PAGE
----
Mr. Nelson said that if the state did not improve the incentives, the Pontiac studio would probably shut down. For now, the soundstages are empty. Filming wrapped up last month on a Warner Brothers movie called “Black Sky.” It is about a town ravaged by deadly tornadoes.

Lisa Schwartz contributed research.


* * * *


How Local Taxpayers Bankroll Corporations: The New York Times found that states, cities and counties give up more than $80 billion each year to companies. http://www.nytimes.com/2012/12/02/us/how-local-taxpayers-bankroll-corporations.html

Winners and Losers in the Lone Star State: Texas awards more incentives than any other state in the name of creating jobs. But questions arise over who is benefitting from the largess. http://www.nytimes.com/2012/12/03/us/winners-and-losers-in-texas.html
post #83726 of 93800
TV Notes
'Seinfeld' narrowly edges 'Honeymooners' as America’s favorite all-time TV sitcom, poll finds
By David Hinckley, New York Daily News - Dec. 3, 2012

Jerry 22, Ralph 20.

A “60 Minutes”/Vanity Fair poll finds that “Seinfeld” edges “The Honeymooners” as America’s all-time favorite TV sitcom.

Twenty-two percent voted for Jerry Seinfeld and his crew from the upper West Side, while 20% for Ralph Kramden and his Brooklyn posse.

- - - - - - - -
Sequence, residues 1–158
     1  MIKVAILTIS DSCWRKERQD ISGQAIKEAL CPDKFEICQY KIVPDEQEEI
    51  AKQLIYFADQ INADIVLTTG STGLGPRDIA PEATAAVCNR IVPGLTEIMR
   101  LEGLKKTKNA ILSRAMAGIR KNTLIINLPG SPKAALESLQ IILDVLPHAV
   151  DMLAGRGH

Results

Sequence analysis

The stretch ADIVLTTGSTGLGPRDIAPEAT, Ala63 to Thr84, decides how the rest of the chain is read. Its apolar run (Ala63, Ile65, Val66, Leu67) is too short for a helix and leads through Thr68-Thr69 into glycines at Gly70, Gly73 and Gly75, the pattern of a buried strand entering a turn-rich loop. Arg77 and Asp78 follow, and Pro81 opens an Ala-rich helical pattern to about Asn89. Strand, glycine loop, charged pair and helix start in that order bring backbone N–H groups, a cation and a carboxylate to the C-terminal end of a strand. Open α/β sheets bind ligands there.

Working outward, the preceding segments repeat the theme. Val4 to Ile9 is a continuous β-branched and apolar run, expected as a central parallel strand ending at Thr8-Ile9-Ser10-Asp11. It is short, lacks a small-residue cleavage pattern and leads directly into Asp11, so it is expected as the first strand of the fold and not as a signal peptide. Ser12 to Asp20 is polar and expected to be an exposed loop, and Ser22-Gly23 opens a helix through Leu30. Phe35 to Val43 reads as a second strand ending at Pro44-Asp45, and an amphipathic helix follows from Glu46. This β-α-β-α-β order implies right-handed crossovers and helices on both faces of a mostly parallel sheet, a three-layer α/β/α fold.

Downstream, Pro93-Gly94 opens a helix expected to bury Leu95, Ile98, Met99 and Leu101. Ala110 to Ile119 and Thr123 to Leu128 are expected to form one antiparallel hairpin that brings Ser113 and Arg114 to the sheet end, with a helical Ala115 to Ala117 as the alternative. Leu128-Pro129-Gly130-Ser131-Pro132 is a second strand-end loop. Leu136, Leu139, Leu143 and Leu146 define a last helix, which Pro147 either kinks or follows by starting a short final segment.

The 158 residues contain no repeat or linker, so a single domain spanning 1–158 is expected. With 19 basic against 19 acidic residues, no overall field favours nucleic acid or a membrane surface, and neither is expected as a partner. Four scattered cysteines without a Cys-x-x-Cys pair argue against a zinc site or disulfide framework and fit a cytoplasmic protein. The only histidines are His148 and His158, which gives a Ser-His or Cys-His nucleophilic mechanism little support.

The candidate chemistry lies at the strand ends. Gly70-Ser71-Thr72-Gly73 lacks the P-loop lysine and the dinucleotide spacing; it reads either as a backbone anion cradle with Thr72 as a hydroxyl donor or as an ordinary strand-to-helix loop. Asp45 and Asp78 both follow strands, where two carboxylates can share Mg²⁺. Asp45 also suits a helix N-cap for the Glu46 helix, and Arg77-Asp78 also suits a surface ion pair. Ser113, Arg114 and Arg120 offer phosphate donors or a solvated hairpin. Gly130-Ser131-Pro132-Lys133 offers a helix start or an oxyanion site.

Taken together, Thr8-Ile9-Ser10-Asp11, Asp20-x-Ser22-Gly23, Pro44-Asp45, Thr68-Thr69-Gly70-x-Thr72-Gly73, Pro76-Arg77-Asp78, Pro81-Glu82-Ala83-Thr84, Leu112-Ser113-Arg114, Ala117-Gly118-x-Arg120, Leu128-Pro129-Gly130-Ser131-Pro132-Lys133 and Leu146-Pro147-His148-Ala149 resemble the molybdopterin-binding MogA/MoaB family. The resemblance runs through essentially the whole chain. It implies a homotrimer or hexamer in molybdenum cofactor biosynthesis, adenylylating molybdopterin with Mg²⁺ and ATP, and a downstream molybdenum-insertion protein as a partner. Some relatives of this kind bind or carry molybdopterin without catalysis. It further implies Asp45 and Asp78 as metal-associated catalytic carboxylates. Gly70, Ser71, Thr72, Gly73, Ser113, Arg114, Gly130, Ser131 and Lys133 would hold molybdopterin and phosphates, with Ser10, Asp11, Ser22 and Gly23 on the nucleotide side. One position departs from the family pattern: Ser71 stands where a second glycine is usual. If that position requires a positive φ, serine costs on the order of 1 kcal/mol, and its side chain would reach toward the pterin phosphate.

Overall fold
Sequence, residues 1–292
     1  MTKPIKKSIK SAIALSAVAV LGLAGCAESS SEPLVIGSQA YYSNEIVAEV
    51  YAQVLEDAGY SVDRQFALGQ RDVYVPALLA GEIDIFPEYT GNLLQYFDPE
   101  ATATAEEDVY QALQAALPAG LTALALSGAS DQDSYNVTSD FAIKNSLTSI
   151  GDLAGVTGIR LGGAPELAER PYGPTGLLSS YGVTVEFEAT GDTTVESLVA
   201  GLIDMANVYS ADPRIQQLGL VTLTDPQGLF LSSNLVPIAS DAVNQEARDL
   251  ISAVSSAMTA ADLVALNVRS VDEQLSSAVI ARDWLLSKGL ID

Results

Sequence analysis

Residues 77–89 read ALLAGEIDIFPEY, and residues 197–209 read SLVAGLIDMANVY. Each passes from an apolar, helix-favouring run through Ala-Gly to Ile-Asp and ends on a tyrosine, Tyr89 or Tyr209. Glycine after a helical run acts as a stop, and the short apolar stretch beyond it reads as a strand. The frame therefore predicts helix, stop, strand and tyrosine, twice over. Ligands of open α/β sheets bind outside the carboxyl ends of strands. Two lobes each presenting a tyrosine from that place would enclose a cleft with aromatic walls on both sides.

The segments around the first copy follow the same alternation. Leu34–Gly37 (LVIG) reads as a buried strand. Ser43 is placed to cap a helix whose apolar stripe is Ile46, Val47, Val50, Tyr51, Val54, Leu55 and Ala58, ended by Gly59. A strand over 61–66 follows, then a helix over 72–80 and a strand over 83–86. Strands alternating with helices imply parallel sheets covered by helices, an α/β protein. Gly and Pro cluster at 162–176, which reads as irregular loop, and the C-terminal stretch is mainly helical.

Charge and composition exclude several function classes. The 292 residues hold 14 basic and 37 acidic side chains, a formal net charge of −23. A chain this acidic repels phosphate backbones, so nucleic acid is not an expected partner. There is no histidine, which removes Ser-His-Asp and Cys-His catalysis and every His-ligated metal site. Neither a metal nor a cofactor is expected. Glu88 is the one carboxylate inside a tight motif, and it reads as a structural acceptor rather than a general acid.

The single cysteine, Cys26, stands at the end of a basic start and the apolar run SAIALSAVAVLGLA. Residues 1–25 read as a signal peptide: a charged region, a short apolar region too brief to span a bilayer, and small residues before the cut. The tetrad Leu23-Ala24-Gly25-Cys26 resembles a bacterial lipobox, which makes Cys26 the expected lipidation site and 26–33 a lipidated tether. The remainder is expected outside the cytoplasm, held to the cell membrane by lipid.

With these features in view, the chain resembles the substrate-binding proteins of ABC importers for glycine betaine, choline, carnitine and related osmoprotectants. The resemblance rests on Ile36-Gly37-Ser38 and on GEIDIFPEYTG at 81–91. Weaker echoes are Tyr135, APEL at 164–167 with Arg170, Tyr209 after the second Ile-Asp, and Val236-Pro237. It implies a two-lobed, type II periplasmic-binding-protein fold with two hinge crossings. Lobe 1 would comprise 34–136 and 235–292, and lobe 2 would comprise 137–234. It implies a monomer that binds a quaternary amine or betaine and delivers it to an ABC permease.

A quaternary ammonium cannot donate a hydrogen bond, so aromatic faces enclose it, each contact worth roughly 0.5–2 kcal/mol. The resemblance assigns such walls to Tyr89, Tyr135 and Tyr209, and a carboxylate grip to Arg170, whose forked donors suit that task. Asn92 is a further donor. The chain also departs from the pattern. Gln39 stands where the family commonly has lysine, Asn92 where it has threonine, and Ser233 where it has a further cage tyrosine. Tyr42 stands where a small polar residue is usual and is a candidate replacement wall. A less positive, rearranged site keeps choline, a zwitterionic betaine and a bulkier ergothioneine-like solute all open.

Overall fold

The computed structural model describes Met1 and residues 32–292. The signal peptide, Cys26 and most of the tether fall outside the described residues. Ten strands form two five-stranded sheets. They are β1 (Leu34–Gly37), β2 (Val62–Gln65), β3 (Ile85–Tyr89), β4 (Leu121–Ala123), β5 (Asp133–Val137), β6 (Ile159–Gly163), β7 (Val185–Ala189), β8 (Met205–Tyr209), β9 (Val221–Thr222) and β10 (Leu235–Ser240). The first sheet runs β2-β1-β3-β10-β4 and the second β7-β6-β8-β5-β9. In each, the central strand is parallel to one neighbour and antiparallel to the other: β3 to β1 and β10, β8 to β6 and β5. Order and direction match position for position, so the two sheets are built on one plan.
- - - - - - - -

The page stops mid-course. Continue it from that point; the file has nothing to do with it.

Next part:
“Friends” finished third with 16%, “Cheers” fourth with 14%, “Arrested Development” fifth with 7%, “The Mary Tyler Moore Show” sixth with 6% and “30 Rock” brought up the rear at 5%.

But the real winner in the poll, published in the magazine’s new humor issue, might be an asterisk. The survey directed participants to a list of just those seven sitcoms.

(This is why, for historical rectification purposes, we have modestly compiled our own alternative list, where readers are invited online to consider more options.)

”60 Minutes” and Vanity Fair also polled readers on the funniest letter of the alphabet (“Q” edges “Z”) and asked whether they are more likely to forward videos of cats or babies to their friends.

According to respondents, no one forwards many of either.

In more serious comedy matters, the survey found Jay Leno beating David Letterman almost 2 to 1 among late-night entertainment hosts.

In response to the question “Which host is most likely to make you laugh?” Leno racked up 24% and 13% for Letterman, who barely edged Jimmy Fallon and Conan O’Brien at 12% apiece.

Jimmy Kimmel had 8% and Craig Ferguson 5%.

Leno’s real competition was “none of the above,” with 22%.

The poll found most respondents think men are funnier than women and almost no one can identify Judd Apatow, a shaper of modern comedic taste with films like “Knocked Up,” “The 40-Year-Old Virgin” and “Bridesmaids.”

On the flip side of the laugh coin, respondents declared DMV workers the most humorless, scoring 33% of the votes to 27% for airport workers, 20% for toll collectors and 9% for people who work nightclub doors.